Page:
When I completed the manuscript for my first nonfiction book back in the mid-‘80s, I suffered through 75 rejections. At that point, I faced a choice: I could either give up or I could persevere. I chose the latter. I changed the title – that’s all – and started through the same publishers a second time. After I had endured exactly 100 total rejections, an acquisitions editor snapped it up.
With another manuscript, a novel about hobo life in the Great Depression, I went through 17 drafts over a 32-year-span before it was good enough to find a home. It’s no accident that I titled it Perseverance.
Are experiences in this book based on someone you know, or events in your own life?
Even in science fiction, I draw upon my own experiences, shaping them to fit my needs. First love, last love, forever love, never love . . . Who hasn’t gone through at least some aspect of the intricacies of interpersonal relationships?
There’s a lot of Humphrey Bogart’s Rick from “Casablanca” in my main character in Starflight to Destiny, but there’s also a lot of me.
What authors have most influenced your life? What about them do you find inspiring?
I’ve already mentioned my admiration for Burroughs and Leigh Brackett. For my buck, Burroughs was the greatest storyteller ever, and Brackett was the master stylist. Every time I read one of her works, I’m so awed by her incomparable style that I think I might as well give up writing.
I also admire James Oliver Curwood, whose Kazan, the Wolf Dog is on a level with Burroughs’ Tarzan of the Apes and The War Chief as my all-time favorites. Jack London’s The Call of the Wild is high on my list too. Do you note a trend? High adventure is the common element in all of my favorite authors’ works, which is something I pursue every time I go backpacking.
If you had to choose, is there a writer you would consider a mentor? Why?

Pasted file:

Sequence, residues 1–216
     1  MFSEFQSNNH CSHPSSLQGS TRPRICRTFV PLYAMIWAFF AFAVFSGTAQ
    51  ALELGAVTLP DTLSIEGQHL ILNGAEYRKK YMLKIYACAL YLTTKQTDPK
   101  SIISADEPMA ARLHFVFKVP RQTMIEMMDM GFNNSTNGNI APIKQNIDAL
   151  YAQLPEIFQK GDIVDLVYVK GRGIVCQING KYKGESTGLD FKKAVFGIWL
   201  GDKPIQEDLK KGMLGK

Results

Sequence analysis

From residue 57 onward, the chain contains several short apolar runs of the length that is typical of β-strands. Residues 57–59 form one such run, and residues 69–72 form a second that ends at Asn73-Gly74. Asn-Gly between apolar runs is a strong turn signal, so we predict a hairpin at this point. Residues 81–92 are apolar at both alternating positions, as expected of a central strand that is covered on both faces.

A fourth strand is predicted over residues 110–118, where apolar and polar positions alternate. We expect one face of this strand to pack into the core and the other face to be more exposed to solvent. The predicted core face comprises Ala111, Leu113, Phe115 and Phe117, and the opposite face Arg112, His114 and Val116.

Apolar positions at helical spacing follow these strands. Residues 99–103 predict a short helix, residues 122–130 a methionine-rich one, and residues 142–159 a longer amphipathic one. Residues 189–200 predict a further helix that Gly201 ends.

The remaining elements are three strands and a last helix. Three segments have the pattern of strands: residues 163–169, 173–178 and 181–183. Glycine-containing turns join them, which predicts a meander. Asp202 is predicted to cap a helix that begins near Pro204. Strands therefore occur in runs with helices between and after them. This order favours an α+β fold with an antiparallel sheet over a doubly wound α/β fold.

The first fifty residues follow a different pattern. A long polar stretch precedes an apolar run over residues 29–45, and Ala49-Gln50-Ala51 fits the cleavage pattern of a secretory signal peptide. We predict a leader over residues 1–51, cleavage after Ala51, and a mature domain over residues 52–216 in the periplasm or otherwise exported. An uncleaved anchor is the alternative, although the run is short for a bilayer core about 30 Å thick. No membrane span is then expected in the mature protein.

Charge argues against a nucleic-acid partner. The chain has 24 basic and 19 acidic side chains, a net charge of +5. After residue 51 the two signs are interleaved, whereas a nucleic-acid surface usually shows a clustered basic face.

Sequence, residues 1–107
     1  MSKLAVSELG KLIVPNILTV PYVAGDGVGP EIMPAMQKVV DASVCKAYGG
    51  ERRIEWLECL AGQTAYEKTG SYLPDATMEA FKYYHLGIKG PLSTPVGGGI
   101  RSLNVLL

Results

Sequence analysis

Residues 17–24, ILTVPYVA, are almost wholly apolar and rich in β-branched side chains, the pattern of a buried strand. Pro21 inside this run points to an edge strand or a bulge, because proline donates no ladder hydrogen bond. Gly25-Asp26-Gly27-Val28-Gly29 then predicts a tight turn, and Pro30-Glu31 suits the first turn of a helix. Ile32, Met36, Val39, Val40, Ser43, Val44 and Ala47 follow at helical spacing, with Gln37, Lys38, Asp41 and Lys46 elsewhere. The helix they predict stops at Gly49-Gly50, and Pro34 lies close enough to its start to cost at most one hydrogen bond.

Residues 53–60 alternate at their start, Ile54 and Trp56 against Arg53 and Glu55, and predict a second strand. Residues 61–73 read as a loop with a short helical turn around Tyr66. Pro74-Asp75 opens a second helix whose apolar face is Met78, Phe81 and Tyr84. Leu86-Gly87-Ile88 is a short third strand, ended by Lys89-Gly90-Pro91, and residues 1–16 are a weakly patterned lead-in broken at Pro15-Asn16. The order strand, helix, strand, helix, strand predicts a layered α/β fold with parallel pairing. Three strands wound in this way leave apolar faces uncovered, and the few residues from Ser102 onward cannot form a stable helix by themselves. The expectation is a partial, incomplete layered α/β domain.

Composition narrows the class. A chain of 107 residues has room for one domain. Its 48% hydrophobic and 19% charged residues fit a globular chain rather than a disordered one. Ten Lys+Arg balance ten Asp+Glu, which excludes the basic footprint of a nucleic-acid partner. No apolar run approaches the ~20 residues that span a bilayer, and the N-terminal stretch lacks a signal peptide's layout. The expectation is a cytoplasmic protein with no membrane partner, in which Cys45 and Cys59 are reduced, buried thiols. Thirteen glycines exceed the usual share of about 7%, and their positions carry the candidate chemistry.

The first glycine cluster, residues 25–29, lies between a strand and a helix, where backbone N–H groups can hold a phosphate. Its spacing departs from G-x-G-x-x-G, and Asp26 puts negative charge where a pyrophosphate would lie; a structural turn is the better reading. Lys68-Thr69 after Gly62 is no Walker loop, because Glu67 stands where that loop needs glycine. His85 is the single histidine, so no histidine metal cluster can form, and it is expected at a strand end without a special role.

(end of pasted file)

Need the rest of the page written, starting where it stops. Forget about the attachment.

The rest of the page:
From the standpoint of authors as persons, rather than writers, I had the utmost respect for my dear friend Paul Patterson and his one-time student, the acclaimed western author Elmer Kelton. I dedicated books to each of these late, great men, most recently my novel To Hell or the Pecos, which is dedicated to Kelton.
Patterson, one of the last old-time Pecos River cowboys, guided me into folklore and Old West history in the early ’80s and was my chief consultant on all things western. Kelton went to bat on my behalf numerous times as I sought contracts with publishers for my documented histories about the Old West.
Who designed the cover of your book? Why did you select this illustrator?
I chose a spectacular deep-space photo from the Hubble Telescope, and Lee Emory of Treble Heart Books used it in designing what I consider an eye-catching cover. I think it may be the most attractive cover of any of my 11 novels.
Do you have any advice for other writers?
In a question-and-answer session back in college, I asked Larry McMurtry what advice he would give an unpublished novelist. He replied, “Write regularly. You may have all the talent in the world, but if you don’t have the energy and dedication and perseverance to sit down and write, you’ll never get anywhere.”
Let me add this quote that I have framed over my work station: “The real trick is to keep on writing when no one cares whether you do or not, to keep on writing in the face of loneliness and fear.”
Do you have anything specific that you want to say to your readers?
Expect more than a simple space opera in Starflight to Destiny. Maybe reading it will help point you toward your own destiny.
Starflight to Destiny
Treble Heart Books
Lee Emory, Cover Designer